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AperfectBalance
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#13
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#13
If you dont accept child labour and would not be willing yourself to have a factory with children being employed should you then use any device that uses parts made by child labour?
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moonkatt
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#14
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#14
Wtf does this have to do with relationships?
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Kravence
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#15
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#15
Morals are completely subjective so this is a flawed argument which really holds no point.
You can say it's morally wrong and I can disagree which would me to continue eating meat.
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sparkling dildo
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#16
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#16
You don't think about that when your at KFC
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Anonymous #1
#17
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(Original post by Lapis.Lazuli)
Since you want to focus on morality, a better question would be:
Should people praise war veterans or do they deserve to live in a free country if they have not fought themselves as war is fundamentally immoral. Most would argue this carries more weight than a question of morals regarding animals.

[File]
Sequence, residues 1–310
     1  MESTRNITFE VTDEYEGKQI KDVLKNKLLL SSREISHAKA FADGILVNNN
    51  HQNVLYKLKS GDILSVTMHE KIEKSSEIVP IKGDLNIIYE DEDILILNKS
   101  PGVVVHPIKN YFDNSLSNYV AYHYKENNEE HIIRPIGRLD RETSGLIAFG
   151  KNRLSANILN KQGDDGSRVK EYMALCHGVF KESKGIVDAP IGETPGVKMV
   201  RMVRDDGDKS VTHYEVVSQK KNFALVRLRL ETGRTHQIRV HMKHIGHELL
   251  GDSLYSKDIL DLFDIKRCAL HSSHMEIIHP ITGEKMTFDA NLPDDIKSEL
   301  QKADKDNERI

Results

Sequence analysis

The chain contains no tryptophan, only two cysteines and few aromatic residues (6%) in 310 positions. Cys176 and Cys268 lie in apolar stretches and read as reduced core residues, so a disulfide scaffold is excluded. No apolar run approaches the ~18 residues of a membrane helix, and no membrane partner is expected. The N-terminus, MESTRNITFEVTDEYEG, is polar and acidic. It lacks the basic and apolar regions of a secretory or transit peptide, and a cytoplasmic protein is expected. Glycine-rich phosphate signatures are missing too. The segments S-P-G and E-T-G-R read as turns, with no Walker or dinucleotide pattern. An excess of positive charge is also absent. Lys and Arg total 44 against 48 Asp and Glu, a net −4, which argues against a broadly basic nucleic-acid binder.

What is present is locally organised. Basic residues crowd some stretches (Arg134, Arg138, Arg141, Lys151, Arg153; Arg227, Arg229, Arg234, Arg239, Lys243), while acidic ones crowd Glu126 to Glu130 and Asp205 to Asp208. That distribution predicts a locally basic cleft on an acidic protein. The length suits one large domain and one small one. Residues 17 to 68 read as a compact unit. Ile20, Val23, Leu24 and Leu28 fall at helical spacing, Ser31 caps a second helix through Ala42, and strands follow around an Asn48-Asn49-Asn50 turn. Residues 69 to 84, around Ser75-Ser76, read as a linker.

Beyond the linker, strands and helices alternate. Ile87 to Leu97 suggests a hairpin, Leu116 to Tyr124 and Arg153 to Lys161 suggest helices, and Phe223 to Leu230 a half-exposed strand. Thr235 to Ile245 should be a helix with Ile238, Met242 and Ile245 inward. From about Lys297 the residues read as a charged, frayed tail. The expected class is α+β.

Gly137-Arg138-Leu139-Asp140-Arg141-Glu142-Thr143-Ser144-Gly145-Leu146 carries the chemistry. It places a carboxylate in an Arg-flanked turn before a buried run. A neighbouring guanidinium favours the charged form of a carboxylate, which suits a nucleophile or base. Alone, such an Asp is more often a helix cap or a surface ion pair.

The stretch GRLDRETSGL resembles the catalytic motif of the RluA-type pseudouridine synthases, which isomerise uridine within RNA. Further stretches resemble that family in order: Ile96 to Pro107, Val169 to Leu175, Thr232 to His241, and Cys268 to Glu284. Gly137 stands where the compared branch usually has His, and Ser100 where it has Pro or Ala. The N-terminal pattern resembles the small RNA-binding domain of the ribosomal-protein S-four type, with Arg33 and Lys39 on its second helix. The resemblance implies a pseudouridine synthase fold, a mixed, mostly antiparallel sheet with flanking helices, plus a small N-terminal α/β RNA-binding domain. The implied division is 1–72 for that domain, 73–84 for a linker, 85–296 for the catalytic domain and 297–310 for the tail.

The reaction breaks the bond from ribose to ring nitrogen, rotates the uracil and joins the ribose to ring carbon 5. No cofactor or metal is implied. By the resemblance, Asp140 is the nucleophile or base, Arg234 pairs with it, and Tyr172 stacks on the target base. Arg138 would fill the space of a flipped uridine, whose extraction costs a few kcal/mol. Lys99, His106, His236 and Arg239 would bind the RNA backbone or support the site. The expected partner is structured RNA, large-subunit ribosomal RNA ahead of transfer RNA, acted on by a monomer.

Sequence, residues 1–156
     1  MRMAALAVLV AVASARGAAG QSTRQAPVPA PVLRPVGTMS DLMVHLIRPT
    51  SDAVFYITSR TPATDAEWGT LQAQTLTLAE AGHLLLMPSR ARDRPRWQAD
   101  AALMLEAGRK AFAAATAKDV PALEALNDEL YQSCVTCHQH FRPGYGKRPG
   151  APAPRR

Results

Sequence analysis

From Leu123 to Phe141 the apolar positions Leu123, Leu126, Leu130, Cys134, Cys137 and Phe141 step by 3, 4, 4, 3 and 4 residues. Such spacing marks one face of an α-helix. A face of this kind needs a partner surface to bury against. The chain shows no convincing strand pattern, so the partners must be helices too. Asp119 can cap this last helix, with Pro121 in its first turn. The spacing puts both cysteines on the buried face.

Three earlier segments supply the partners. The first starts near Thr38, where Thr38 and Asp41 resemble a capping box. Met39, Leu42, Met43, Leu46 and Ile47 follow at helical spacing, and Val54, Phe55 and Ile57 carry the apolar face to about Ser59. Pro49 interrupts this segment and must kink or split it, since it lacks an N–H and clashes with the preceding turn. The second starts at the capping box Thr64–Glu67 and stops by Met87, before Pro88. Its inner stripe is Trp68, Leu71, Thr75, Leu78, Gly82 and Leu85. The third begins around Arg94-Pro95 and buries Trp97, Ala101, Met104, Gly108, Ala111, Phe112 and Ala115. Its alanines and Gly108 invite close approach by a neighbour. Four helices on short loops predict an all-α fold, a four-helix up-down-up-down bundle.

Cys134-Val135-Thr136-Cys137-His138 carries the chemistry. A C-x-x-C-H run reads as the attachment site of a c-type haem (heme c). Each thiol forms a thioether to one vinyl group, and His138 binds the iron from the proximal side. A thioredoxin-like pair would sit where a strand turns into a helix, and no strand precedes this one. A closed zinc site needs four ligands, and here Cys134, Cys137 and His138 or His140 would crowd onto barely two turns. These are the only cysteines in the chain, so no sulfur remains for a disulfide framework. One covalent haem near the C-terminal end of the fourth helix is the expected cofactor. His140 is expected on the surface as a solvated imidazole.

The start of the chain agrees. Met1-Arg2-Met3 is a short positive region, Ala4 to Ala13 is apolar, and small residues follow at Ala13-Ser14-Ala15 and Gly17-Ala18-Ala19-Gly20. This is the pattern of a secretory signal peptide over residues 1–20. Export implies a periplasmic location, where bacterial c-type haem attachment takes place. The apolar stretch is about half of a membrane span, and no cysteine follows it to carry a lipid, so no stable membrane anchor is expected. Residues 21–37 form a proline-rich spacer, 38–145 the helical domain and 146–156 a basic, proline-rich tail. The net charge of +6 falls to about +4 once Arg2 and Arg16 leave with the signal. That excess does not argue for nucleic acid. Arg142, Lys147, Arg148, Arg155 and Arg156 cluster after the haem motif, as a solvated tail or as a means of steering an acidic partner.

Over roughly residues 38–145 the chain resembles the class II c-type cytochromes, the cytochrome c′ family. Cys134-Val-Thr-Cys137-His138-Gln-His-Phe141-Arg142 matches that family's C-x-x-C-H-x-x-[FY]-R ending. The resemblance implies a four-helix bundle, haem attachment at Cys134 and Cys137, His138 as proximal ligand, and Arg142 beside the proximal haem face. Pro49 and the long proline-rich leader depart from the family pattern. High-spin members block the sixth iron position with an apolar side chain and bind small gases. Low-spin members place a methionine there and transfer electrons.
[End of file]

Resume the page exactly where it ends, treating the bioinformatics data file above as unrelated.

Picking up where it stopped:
In either case, ability does not correlate to morality so tying one to the other is a personal choice. Something can be considered to be a necessary evil.
You're also saying that the ability to reflect is a token of intelligence. If animals are inferior to humans in both aspects then is it still immoral? In my opinion, if the understanding of a situation is so skewed, the same morals do not apply.
And your point of imagining a living, breathing animal pulsating and writhing in your grasp acts as an appeal to emotion which is a logical fallacy.
Exposure to emotive and persuasive language will only convince those who are ignorant of the process. Most likely, this is a minority.
I want to focus on the morality of eating meat, so it does not make it a better question to bring another subject into that...war or otherwise. I am not writing an essay, or epq or something, I am just wondering about this specific subject.

You say something about animals being inferior to us, so is it immoral... Well that depends on how you are measuring inferiority and superiority, and if you really think it is possible to measure that, and if that's actually a factor over whether we can kill something (some may say our superiority is why we should care for animals, others may say we aren't superior as we do things like murder, rape etc. and animals don't). But even if I rationally believed a sheep to be inferior to me it still doesn't mean I can make my conscience not care about killing it. Rationality doesn't govern everything for a person whether he/she likes it or not.